Here’s why you shouldn’t be worried about our market crashing.

Should you be scared to buy in this market? I understand the fears of a crash; last time prices got this high, it didn’t go so great. However, we had a lot of major problems that caused that crash, and there’s a huge difference in what we’re seeing today. We might see a recession, but I don’t believe we will see anything like a crash.

Subprime lending was about 26% of the market in 2006. We now call that predatory lending because those loans targeted people with poor credit, gave them debts they would never be able to pay, made a bunch of money with 7% to 12% interest rates, and then took the property back. The banks would give out loans they knew were going to fail and just plan on taking back the house. Those types of loans aren’t around anymore.

Today’s market is much more inventory-based because we’re dealing with the effects of the 2007 crash. Builders relied on loans from the bank, so they didn’t have enough money to keep building houses after the crash. Because of that, they weren’t building homes at the pace that our country was growing. After 2017, they started trying to catch up, but now they have to deal with lumber and shingle shortages. That’s why we have such low inventory; we just can’t build enough homes right now. On top of that, everyone wants to live in a single-family home these days because of the pandemic.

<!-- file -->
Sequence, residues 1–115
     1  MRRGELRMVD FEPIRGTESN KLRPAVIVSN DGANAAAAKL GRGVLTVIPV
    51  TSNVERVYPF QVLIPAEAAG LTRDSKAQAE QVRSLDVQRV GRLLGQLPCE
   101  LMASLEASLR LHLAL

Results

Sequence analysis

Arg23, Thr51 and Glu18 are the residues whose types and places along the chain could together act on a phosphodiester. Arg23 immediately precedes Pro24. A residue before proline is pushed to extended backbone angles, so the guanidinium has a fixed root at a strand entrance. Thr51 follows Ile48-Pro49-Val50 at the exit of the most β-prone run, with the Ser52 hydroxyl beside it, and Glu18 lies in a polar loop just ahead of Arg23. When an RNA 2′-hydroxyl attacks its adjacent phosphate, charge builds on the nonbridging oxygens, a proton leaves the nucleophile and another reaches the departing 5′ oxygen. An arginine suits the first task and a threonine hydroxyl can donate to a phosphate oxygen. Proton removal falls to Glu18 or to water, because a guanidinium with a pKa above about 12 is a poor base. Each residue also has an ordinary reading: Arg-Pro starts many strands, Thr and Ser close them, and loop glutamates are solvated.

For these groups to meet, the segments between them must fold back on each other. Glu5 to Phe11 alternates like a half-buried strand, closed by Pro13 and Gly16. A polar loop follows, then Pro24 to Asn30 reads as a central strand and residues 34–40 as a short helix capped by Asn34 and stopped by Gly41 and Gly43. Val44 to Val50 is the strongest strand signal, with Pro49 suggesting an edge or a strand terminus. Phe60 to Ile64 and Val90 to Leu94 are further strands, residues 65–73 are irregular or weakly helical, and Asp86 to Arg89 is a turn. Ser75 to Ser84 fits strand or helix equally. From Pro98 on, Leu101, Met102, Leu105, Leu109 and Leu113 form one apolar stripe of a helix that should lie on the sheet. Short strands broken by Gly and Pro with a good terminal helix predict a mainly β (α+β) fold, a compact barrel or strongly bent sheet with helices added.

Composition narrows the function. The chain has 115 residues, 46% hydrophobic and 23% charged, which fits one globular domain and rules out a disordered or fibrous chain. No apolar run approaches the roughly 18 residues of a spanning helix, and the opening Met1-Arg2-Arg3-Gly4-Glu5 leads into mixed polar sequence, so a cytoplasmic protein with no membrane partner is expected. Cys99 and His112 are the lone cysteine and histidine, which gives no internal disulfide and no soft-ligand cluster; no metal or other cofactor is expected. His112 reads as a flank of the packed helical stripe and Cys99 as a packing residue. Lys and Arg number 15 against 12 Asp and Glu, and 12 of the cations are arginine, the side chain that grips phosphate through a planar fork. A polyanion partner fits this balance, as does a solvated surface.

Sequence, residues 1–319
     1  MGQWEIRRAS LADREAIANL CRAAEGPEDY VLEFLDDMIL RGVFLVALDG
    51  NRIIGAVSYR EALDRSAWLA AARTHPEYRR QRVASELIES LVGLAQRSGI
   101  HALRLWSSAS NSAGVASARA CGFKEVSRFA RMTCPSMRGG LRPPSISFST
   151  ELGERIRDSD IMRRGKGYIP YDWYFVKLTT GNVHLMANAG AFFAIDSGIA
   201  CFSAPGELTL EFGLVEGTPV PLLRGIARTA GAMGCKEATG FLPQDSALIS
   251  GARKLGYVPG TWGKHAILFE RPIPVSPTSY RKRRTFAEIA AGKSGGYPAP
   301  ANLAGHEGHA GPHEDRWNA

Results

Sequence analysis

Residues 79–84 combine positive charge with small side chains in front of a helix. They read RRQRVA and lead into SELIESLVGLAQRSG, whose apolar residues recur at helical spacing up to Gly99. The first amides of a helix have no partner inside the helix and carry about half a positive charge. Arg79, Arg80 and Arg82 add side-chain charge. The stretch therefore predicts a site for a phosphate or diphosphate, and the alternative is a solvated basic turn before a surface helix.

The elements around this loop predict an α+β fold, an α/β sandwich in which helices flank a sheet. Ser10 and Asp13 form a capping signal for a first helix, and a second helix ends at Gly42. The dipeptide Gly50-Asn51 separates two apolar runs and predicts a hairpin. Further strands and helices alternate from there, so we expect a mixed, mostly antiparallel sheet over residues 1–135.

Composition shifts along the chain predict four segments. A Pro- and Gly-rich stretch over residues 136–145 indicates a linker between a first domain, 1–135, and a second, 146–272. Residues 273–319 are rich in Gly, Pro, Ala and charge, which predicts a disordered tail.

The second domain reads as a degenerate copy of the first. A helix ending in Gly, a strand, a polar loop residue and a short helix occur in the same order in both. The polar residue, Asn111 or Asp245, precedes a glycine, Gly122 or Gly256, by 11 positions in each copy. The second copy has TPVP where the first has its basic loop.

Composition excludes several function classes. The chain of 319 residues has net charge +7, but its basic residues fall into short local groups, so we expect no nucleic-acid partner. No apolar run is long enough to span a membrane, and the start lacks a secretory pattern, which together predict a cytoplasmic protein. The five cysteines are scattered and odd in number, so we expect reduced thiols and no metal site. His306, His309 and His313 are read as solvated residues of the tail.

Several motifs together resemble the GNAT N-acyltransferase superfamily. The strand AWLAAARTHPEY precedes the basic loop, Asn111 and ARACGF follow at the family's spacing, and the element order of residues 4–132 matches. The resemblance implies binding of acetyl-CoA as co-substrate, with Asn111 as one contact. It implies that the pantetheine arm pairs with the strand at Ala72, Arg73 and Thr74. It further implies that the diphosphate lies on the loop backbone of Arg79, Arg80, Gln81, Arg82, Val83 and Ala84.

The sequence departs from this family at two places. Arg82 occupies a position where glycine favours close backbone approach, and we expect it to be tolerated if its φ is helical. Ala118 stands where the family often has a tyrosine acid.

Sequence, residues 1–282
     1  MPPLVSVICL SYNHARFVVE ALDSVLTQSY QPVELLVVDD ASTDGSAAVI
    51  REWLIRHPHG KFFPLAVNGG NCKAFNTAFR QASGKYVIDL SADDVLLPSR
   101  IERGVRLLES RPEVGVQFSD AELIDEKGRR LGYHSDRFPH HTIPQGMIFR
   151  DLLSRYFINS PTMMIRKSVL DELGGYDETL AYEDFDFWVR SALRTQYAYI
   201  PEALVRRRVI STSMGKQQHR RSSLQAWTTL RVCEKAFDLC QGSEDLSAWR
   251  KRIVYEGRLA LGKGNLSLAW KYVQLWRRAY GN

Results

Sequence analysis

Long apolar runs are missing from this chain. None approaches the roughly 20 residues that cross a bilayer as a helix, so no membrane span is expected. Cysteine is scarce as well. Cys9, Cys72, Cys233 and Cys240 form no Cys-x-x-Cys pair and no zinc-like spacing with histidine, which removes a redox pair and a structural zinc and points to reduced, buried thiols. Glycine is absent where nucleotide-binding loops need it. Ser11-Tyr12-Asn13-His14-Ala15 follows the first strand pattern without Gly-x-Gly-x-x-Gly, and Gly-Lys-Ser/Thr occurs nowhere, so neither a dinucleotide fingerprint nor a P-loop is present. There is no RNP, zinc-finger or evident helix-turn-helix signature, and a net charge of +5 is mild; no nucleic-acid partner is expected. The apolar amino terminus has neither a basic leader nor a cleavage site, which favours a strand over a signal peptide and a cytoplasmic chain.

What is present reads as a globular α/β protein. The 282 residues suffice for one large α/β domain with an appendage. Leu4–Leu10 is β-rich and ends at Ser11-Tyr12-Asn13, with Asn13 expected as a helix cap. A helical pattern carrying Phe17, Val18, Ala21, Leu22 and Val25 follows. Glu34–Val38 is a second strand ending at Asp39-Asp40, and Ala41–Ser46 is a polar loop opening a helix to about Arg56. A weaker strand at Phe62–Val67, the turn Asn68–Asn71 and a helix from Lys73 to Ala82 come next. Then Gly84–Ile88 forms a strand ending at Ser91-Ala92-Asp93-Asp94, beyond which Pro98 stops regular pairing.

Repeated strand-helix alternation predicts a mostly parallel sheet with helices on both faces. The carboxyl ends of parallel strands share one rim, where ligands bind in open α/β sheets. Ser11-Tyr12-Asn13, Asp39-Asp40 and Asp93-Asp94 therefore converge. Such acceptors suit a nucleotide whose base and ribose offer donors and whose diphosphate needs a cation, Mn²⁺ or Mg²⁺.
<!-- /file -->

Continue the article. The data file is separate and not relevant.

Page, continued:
“Today’s market is much more inventory-based than 2006’s market.”

If you’re thinking about buying or renting, you should know a few things. A one-bedroom apartment in Jacksonville costs $1,300 to $1,400 a month. A two-bath, two-bed, $250,000 house in the same area would only cost $1,500 for your mortgage payments. 

But if the market crashes, would you lose money? In that apartment, you’re paying $34,000 a year. If you buy a home and the market turns, you might lose $34,000 off the value. In both cases, you’ve lost $34,000, but by owning the house, you still have that asset. If you’re renting, you’ve just lost that money to the apartment complex. Also, keep in mind that you can fix your mortgage, but rent might go up every year.

I know I threw a lot at you. If you have any questions about this, feel free to give me a call or shoot me an email. I’d love to hear from you.